28-year-old’s company makes millions selling Walmart buys on Amazon
It seems too easy to be true that you could make millions by raiding the clearance aisle at your local Walmart or Target and then selling your haul on Amazon. But that’s exactly what 28-year-old Ryan Grant is doing.
Only four years after quitting his accounting job in Minneapolis, Minn., to flip purchases full-time, his business is making well into the six figures in profits per year.
“Pretty early on I realized I wasn’t in the career path that I wanted to be on,” he tells CNBC Make It. “That experience really had me looking for other options and I was starting to explore ways that I could basically leave that job and have my own schedule and be on my own time.”
To do that, Grant turned to the side hustle he had used to made ends meet in college.
Ryan Grant spent 30 hours a week searching Walmart for products that he could flip on Amazon.
As a student at Winona State University, he organized textbook buyback events on campus twice a year. He listed the books on Amazon and shipped them out to customers around the country for a profit of up to $10,000 a year.
The process worked simply enough: Using the Amazon Seller app he could see exactly how much he could expect to profit on each book and in what time frame. But the hours spent processing and packaging each order himself proved to be a bit much.
“Going through that process for one semester was enough to know that I didn’t want to do it again,” he says. “From there forward I did Fulfillment by Amazon the rest of the way.”
Using Amazon’s fulfillment services meant he could ship all the books in bulk using preferred UPS rates to an Amazon warehouse, where, for a fee, the online retailer handled processing and shipping out each individual order. It made his side hustle more manageable, time-wise.
And, when Grant grew more unfulfilled at his accounting job, it sparked the idea of going online to flip more than just textbooks.
Scanning items using the Amazon Seller app (left) reveals detailed sales data for a given product on Amazon.
After work and on the weekends, he scoped out the clearance aisles at Walmart, scanned a few items using Amazon’s app and bought up toys, games, and home improvement items he realized he could re-sell for a profit. A receipt from his early days shows a variety of purchases, everything from vacuums to Barbies, LEGO sets to stainless steel flatware.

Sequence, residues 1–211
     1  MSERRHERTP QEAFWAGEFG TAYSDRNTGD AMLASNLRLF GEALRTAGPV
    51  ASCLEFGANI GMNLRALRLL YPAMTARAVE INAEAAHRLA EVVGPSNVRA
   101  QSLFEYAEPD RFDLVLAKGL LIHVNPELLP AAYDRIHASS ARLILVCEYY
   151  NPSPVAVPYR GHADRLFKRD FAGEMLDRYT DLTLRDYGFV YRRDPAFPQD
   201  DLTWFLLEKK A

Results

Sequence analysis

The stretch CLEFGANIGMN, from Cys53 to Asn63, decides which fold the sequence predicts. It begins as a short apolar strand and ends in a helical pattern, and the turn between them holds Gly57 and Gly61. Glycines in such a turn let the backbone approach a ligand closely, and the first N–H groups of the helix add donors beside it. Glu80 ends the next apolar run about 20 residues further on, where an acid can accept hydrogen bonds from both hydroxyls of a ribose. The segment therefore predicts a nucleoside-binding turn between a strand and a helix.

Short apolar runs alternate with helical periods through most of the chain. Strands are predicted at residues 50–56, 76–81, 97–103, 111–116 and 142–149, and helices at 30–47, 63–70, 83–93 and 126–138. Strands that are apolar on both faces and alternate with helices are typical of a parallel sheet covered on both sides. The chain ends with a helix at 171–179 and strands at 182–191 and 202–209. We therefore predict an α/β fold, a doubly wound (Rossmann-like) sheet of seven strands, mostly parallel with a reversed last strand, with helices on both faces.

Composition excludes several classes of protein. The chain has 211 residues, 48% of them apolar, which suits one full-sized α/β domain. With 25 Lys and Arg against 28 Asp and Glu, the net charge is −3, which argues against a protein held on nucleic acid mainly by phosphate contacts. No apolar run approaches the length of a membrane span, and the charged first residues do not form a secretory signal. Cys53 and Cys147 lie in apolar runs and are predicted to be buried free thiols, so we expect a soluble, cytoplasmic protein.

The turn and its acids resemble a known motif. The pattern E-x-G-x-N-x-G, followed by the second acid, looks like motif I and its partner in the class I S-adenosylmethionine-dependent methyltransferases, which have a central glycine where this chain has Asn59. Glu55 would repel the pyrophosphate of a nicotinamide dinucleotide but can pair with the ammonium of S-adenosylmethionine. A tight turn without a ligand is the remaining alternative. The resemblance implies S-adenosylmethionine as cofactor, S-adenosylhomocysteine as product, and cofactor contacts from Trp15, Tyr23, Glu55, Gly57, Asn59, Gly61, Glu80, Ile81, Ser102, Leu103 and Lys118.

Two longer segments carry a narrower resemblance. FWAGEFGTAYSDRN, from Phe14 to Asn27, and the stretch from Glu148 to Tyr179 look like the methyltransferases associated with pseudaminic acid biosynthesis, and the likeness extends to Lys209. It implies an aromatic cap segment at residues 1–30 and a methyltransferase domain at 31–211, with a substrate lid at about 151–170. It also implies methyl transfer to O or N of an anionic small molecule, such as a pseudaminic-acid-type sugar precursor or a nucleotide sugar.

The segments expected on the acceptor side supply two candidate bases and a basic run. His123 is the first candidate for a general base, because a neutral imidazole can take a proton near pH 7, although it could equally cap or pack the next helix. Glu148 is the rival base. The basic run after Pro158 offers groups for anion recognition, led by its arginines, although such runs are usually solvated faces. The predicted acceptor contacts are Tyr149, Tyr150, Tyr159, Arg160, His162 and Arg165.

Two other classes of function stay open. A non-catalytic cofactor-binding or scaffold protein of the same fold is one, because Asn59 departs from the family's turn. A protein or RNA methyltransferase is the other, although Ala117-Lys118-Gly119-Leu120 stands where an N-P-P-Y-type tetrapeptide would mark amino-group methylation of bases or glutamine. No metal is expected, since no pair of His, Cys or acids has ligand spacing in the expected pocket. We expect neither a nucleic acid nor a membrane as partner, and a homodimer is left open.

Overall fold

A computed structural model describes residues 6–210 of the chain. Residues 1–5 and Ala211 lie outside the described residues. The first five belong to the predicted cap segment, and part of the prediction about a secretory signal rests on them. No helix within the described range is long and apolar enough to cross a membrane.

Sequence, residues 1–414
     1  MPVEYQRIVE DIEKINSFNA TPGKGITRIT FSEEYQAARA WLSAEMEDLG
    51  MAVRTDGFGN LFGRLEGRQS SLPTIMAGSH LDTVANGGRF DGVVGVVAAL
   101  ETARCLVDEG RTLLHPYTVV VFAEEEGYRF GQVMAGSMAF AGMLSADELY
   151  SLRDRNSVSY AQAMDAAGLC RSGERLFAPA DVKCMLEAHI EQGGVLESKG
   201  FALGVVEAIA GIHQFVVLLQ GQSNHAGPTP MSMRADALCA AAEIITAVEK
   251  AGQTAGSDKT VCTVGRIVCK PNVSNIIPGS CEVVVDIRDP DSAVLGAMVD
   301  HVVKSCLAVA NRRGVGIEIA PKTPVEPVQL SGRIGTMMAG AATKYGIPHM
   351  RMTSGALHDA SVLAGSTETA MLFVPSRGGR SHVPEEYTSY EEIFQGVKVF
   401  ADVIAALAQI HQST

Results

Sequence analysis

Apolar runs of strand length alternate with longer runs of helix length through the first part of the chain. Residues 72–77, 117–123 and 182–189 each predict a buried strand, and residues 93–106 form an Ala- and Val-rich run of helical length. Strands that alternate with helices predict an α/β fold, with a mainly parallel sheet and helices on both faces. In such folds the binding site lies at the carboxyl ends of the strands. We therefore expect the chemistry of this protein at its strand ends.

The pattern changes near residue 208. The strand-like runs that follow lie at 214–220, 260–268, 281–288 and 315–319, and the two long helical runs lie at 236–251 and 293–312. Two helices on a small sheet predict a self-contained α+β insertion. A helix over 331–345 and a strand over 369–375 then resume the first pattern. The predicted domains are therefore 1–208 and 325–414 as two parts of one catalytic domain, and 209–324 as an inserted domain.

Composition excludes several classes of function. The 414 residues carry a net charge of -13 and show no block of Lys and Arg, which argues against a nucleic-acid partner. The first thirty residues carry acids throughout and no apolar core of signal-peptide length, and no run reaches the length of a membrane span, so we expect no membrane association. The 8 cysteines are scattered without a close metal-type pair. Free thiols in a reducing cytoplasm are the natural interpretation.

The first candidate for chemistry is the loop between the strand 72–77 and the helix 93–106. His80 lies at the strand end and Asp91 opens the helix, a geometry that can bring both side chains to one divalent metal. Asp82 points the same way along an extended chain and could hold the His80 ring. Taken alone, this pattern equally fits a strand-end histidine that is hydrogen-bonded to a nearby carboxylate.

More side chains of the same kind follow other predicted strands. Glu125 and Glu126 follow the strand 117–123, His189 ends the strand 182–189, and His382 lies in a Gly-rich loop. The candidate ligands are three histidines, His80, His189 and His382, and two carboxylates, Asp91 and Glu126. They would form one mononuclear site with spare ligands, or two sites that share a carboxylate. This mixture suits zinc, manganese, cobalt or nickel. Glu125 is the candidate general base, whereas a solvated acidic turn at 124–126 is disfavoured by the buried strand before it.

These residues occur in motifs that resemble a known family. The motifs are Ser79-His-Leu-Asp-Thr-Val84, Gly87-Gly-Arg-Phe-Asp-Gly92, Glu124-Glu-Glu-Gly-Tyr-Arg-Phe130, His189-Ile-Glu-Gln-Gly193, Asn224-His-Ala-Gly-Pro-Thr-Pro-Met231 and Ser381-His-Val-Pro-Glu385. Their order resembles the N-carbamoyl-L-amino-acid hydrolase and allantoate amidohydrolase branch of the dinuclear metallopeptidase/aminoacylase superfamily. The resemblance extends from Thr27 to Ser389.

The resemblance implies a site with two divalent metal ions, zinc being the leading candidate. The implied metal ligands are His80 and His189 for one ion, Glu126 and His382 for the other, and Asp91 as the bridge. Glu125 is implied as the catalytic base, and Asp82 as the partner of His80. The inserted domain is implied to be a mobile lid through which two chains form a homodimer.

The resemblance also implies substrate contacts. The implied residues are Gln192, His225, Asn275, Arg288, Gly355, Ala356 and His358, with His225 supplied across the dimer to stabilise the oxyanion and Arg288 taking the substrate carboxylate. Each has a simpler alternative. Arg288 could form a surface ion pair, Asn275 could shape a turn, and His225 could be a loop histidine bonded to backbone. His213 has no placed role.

“I was putting in about 10 hours per week and I was making in the ballpark of $1,000 per month,” he recalls. Once he was able to make the same kind of money reselling on Amazon as he had made at his accounting job, in September 2013, he quit.
“I was confident that if I had full-time hours to dedicate to selling online that I would be able to more or less scale that up,” Grant says. Just three months later, in December, he notched $9,000 in profit on over $25,000 in total sales.
“Making that amount of money in one month was a big boost in my confidence to be able to scale up further from there,” he says.
Coming across a product worth flipping on Amazon meant buying out the store.
Boxes upon boxes destined for Amazon warehouses started stacking up in Grant’s duplex so, in the spring of 2014, he rented out a 725-foot warehouse. He packed his Mazda 626 full of products on runs back and forth from other brand-name retailers like Target and Toys R Us.
“It was starting to basically take over my life because I’m coming home and there’s product all over my house,” he recalls. When the 30 hours of shopping and the 15 hours of preparing shipments each week became too much to handle alone, Grant hired his first employee, a friend who could help scour local stores.
Eventually it got easier to target the items that had the biggest opportunity for arbitrage. Seasonality, they realized, was a key factor. They could, for example, buy up discounted candy after Halloween and half-priced Christmas decorations around the New Year.
When Ryan Grant’s kitchen was overflowing with boxes he was shipping to Amazon, he made the call to rent a warehouse.
“Believe it or not, there’s actually people buying those items out of season,” Grant laughs. Still, even he was surprised at how quickly the business took off from there.
“I went from just me in this business doing around three-to-five thousand dollars in sales per month and now, four years later, we’re a team of 11 and we’re doing well over $200,000 in sales per month,” Grant says. The team had to move to a warehouse that’s over five times as large as their first this past July.
Since he started selling on Amazon, Grant says the business is on track to top $8 million in total sales by the end of this year. Profits are heavily reinvested back into the company, though Grant was still able to take a salary of around $150,000 when he was working for the venture full time.
The team also made mistakes made along the way. They lost $6,000 when a faulty nail filing product for dogs got Grant’s Amazon seller account temporarily suspended, for example. They also had to pay the fees Amazon charges for products that failed to sell and sat idly in Amazon’s warehouses.
After outgrowing his first warehouse, Grant’s business expanded to a 3,800-square-foot office.